--Never spend an undue length of time with any one guest. Circulate.

--Be charming and pleasant to all guests. Don't just go for the guy with the wavy hair.

--Don't be vulgar at any time. Don't sit on guests' laps in public.

--Don't go automobile riding or flying without permission.

--Never are you allowed to accept money in remuneration for the more intimate aspects of romance.

For good measure, Pancho had this sign posted over the bar:

"We're not responsible for the bustling and hustling that may go on here. Lots of people bustle and some hustle , but that's their business, and a very old one."

The Happy Bottom Riding Club thrived, with as many as 400 guests attending the weekly dances. Pancho spent most of her time with her horses and pet dogs, while Dallas Morley cooked, tended bar and played honky-tonk piano. Morley also policed the hostesses to see to it that scandal was kept to a minimum.

The arrangement worked for five years. Then one afternoon a pilot, whom Morley had singled out as her boyfriend, drowned accidentally in the club pool.

Morley showed up in the bar that evening wearing a black skirt and blouse. Although it was against the rules for the head hostess to drink, Morley made an exception because she was nearly hysterical over her friend's death. One of the girls tattled to Pancho. Morley said that Pancho charged into the bar and shouted at her in front of the guests: "I don't like your black garb and your sniveling. The show must go on!"

Morley said later: "That was the end for me and Pancho." Like others who had been scalded by Pancho's peculiar lack of compassion, Morley harbored no resentment. "I understand her," she said. "She just didn't give a damn about people."

Morley said that the only time she ever saw Pancho grieve was when one of her mares gave birth to a stillborn foal. Pancho carried the dead horse into the house still in its birth sack, and cried.

Retired Gen. J. S. Holtoner, 74, today works as an aeronautics consultant in New York City, but during Pancho's reign, he was in charge of the base.

"Since I was the commander, I was on the firing line," said Holtoner in a telephone interview. "I had no animosity toward Pancho. I just didn't go out there a lot like the other men did. I was a family man and had no reason to."

Although time may have softened Holtoner's feelings, base historians indicate that Holtoner and Pancho had a vitriolic relationship. It was under Holtoner's rule that Pancho got word that the Army was planning to build a 22-mile runway aimed directly at her ranch and that she would have to clear out. (A much shorter runway was eventually constructed, stopping miles short of the club.)

Representing herself in court, Pancho tried to prove that she and McKendry were being harassed by the base administration, and also that their business had been harmed by Air Force accusations that the club was a house of ill fame. Before the prolonged and expensive legal battle was through, a mysterious explosion in the main building of the Happy Bottom Riding Club triggered a fire that gutted much of the spread, as well as destroying most of Pancho and McKendry's personal belongings.

Threat to Napalm Club

It was the end for the flyboys' hangout, but not the end of Pancho's fight.

She charged that Gen. Holtoner himself had threatened to napalm the club if she wouldn't leave. She claimed that she was victim of a conspiracy by the Air Force to take her land.

"Pancho was always prone to exaggeration," Holtoner commented recently. "I think one time we had an engine gearbox come loose and land within a couple of miles of her place. She made noises that we were trying to bomb her place, but really we were just testing airplanes."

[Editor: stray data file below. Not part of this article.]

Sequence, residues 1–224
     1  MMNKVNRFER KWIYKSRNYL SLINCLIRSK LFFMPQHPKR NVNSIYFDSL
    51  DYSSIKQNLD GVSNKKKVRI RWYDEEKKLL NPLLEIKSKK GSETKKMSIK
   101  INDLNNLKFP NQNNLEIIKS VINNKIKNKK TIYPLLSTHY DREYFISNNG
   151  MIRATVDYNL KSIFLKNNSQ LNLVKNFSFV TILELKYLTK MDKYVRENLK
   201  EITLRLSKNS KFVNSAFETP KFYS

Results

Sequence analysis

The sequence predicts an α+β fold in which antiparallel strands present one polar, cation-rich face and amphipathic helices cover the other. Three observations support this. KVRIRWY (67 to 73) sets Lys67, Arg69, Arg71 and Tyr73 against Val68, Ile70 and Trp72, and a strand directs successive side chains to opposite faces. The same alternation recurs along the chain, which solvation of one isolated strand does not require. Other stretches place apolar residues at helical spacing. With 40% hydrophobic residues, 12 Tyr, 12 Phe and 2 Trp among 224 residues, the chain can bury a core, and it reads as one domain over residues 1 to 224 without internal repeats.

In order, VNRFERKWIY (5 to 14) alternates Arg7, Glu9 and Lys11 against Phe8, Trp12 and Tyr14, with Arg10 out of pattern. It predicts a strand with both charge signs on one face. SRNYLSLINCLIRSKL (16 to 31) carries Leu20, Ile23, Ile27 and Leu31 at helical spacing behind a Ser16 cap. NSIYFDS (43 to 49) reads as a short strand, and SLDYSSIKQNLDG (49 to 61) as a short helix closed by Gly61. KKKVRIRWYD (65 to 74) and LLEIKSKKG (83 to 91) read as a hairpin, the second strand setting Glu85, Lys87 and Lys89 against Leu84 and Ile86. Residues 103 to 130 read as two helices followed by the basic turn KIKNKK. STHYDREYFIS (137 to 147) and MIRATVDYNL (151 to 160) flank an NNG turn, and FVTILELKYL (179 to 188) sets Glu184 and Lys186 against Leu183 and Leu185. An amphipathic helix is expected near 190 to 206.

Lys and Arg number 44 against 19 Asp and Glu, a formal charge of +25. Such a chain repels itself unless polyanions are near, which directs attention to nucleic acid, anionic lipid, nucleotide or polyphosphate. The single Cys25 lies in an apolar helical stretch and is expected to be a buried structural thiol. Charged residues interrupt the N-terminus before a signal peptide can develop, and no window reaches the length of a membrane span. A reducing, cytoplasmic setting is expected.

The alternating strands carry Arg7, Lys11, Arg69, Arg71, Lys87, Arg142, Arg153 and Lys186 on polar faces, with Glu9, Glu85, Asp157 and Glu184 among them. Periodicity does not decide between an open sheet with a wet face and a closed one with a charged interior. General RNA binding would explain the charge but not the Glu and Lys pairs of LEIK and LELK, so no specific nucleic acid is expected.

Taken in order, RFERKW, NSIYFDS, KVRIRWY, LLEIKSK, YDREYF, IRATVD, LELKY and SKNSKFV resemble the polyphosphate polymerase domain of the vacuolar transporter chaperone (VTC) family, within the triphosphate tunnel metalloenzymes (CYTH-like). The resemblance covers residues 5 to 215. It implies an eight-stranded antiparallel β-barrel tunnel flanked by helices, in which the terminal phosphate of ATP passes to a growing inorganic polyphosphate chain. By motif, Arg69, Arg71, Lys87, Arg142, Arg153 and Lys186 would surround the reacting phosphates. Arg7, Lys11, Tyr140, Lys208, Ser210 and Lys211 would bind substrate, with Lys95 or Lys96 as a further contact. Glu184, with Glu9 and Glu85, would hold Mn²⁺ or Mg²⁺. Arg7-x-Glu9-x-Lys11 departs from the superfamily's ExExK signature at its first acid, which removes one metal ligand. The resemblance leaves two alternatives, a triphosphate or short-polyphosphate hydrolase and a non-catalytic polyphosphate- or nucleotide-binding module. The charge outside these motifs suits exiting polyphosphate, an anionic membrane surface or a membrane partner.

Looking back at that period, Edwards head historian Dick Hallion said: "I do not believe, nor do I comprehend, that the Air Force would have deliberately burned Pancho out of her property."

The Air Force eventually settled out of court on the various charges, awarding Pancho almost half a million dollars for her land. But McKendry said that most of the money went to paying legal expenses. Pancho and McKendry moved to a ranch in nearby Cantil and tried to start a club again, but it never caught on.

Pancho eventually divorced McKendry. While the McKendry-Pancho wedding 15 years earlier had been a gala bacchanal--with Chuck Yeager giving away the bride before a crowd of 1,500 tipsy airmen and others--the divorce was a different matter. McKendry was unceremoniously dumped, receiving only a wrecked airplane that had tipped over in a windstorm, and a junked '55 Cadillac coupe in the settlement.

Pancho moved alone into a shack in Boron with a few dozen dogs and other animals. Yeager still dropped by to see her now and then; so did her friend Gen. Jimmy Doolittle, but no longer did the world of flying men revolve around Pancho Barnes.

"Pancho always said that imagination ruled the world and that you got to keep thinking of new things to do," McKendry said. Apparently out of fresh schemes to tackle, Pancho was found dead in her small house on March 29, 1975. She had been dead for at least a week. By that time, several of Pancho's 55 dogs had succumbed from lack of water.

Memorial Service

Pancho's crowd held a memorial service at the annual barnstormers' reunion in Lancaster, which was held a week after her body was discovered. The text of the eulogy delivered by Jimmy Doolittle is printed beneath a bust of Pancho Barnes that stands today near the Desert Sun Airline counter at Lancaster's Fox Field. ("The bust doesn't look like her," said McKendry. "It's not my Pancho.")

Dallas Morley hadn't seen the old gang since she left abruptly on the night Pancho berated her for mourning. McKendry tracked Morley down last year, and she went out to the reunion where she saw for the first time what had become of Pancho's greatest accomplishment, the Happy Bottom Riding Club.

"I walked all over that place. There were only a few walls left standing, and the hole where the swimming pool had been. I could have cried," Morley said. "Pancho was an ornery, nasty, ugly person. But I loved her."

Copyright © 2019, Los Angeles Times
EDITION: California | U.S. & World
65°